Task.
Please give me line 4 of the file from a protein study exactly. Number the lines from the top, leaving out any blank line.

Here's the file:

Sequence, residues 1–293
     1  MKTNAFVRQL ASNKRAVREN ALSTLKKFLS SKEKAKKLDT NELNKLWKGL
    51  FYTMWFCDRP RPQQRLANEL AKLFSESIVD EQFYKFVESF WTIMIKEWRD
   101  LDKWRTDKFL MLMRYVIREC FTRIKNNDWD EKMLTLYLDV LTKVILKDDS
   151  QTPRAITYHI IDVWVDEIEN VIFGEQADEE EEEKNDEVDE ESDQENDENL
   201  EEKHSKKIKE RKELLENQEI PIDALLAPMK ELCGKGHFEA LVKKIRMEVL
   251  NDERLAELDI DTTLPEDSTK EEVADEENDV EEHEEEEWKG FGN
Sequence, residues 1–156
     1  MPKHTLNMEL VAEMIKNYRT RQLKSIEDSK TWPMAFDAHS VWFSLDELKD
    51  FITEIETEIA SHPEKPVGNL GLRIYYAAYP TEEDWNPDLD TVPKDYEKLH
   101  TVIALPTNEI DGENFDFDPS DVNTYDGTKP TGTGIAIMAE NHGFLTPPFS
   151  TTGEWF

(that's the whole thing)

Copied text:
   101  LDKWRTDKFL MLMRYVIREC FTRIKNNDWD EKMLTLYLDV LTKVILKDDS